Two true tales of olden times.
1. In 1989 I left the Medicare intermediary, Blue Cross of California (BCC), to become a consultant for Brecker, Brewster, Grove & Associates, a home health care business consulting firm.
About then a hospital in Sacramento hired a former intermediary auditor (from Aetna not BCC) to advise them on how to handle a Medicare overpayment of approximately $200,000. He advised them to return the monies to the Medicare program (duh). They choose to keep the monies and await any specific later request from the government.
The consultant filed a Qui Tam or false claims action against the hospital. The hospital was fined $2.6 million of which he got $650,000. He retired from the consulting business.
I thought my new career and profession was over before it got started because of the press reports;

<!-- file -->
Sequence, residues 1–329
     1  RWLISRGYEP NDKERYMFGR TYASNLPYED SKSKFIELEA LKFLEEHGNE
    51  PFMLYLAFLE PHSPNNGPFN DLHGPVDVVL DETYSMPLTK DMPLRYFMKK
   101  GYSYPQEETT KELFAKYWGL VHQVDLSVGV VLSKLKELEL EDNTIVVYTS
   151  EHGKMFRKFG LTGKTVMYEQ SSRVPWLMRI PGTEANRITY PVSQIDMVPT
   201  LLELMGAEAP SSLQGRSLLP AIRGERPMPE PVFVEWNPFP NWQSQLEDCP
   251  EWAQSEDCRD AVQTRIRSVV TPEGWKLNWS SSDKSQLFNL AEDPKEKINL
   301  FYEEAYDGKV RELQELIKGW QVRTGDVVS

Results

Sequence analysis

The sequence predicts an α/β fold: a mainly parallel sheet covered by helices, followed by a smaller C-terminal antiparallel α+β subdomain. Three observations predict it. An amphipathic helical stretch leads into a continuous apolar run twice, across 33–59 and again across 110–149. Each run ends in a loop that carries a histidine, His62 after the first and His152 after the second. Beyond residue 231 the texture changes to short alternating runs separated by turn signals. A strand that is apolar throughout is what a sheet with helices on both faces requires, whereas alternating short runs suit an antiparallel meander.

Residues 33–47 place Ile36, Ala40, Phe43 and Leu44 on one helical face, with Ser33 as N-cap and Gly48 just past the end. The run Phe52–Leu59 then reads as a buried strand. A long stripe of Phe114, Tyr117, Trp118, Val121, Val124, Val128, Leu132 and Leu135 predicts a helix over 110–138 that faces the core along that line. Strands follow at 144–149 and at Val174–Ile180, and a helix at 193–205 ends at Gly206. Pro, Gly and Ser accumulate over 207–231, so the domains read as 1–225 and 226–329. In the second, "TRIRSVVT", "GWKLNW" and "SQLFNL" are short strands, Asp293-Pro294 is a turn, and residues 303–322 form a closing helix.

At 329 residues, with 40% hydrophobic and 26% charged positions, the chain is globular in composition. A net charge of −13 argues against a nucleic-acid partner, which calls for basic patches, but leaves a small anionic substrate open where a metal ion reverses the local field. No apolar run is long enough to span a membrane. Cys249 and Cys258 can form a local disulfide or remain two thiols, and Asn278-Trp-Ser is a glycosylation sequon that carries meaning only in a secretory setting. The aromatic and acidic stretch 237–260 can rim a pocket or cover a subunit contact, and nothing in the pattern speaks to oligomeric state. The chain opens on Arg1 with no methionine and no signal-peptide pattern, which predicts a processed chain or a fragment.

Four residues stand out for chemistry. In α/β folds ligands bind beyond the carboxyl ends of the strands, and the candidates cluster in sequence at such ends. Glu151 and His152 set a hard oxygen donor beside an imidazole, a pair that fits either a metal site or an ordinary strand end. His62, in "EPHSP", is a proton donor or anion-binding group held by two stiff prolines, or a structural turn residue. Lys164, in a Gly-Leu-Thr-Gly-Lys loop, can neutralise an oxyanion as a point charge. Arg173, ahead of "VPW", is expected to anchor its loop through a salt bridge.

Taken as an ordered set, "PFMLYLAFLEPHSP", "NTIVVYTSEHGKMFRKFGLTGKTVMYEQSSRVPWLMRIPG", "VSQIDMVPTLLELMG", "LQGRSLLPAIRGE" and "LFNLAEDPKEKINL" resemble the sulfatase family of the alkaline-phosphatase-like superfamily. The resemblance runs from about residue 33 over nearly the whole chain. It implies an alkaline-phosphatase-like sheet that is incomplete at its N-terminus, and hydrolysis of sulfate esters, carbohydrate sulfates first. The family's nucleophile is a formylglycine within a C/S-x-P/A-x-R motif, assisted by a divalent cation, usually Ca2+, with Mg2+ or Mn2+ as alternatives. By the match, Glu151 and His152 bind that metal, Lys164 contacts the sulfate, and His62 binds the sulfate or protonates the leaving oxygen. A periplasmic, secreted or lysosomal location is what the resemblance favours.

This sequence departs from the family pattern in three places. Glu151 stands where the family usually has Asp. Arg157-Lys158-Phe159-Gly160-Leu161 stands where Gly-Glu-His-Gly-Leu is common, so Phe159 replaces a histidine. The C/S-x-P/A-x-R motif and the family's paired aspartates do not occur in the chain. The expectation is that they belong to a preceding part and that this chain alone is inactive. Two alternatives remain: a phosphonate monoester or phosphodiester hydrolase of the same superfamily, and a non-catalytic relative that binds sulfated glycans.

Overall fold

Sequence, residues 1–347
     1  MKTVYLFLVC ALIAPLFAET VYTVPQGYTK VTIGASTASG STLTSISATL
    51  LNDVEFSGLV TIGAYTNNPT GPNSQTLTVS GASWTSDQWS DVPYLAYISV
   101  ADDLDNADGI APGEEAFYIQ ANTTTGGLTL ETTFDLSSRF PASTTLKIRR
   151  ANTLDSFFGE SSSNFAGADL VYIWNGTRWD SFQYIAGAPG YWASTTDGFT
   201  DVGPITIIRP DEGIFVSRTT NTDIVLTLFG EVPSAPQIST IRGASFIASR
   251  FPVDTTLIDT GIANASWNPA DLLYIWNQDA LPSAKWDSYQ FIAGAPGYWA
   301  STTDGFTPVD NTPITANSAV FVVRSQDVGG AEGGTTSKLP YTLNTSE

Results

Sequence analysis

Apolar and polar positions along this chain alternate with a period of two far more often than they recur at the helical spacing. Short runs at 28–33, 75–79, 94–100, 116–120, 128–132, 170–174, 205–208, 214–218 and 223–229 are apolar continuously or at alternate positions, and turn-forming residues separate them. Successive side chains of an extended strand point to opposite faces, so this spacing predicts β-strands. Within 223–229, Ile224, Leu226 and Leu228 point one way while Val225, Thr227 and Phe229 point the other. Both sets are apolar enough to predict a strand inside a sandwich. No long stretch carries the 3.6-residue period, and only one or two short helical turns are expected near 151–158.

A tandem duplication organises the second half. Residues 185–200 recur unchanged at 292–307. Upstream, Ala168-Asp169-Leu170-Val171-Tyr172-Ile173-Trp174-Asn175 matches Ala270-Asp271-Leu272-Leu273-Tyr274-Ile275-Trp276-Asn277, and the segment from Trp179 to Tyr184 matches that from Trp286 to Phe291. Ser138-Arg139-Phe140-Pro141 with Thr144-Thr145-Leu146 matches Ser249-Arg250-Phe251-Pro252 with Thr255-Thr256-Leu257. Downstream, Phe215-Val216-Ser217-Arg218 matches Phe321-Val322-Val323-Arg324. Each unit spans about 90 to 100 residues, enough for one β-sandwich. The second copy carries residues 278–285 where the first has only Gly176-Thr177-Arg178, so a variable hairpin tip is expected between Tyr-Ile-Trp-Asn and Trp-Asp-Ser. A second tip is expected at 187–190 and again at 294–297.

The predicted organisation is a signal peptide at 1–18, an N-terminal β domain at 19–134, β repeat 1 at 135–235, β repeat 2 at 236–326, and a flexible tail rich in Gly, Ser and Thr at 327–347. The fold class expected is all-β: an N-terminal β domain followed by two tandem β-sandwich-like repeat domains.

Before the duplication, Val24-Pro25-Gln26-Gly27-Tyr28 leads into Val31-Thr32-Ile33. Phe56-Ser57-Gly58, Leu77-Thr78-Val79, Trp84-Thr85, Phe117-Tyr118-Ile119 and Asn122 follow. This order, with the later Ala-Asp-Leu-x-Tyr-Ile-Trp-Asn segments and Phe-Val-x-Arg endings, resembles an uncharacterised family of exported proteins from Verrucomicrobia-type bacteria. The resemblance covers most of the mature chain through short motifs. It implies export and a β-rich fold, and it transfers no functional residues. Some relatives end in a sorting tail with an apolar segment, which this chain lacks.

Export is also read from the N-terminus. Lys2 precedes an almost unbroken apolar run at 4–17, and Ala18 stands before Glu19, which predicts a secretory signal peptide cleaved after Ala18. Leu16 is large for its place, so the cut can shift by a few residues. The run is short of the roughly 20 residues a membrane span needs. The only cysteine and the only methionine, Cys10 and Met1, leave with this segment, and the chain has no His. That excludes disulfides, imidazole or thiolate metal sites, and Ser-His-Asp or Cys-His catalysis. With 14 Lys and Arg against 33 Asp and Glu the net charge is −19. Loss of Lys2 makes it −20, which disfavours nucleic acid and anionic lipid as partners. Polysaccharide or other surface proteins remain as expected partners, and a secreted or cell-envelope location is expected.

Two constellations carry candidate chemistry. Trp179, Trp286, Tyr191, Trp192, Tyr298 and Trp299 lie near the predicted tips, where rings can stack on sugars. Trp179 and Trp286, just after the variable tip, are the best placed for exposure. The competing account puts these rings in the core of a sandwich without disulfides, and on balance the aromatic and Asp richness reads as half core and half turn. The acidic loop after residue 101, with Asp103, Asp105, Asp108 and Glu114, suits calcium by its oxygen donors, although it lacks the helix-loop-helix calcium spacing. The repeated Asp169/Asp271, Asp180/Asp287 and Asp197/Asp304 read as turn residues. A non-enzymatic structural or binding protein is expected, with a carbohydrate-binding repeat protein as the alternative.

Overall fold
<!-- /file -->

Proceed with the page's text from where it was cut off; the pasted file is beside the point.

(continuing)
1. We were both former Medicare intermediary auditors.
2. We both lived in Petaluma, California.
3. Our last names were both BOYD.
What are the odds of these coincidences? Am I lucky my career was not ruined by any confusion?
2. The BCC provider audit department like “CMS” was on a fiscal year ending September 30th of every year. I was there from 1977 to 1989 and every September was the month of Hades as we rushed to finalize cost report audits and final settlements. Often we would complete the reports in early October but date them in September. I would get calls from providers saying their NPR was dated 9/28 but they got it on 10/15 or they got the proposed adjustments, dated 9/27, on 10/19 and had lost two weeks of their response time (I was usually kind enough to extend the deadline).
About 1993 a BCC senior auditor had a Qui Tam against BCC for cheating on the deadlines and BCC was fined $6 million of which the auditor got about $1 million.
Why didn’t I think of that?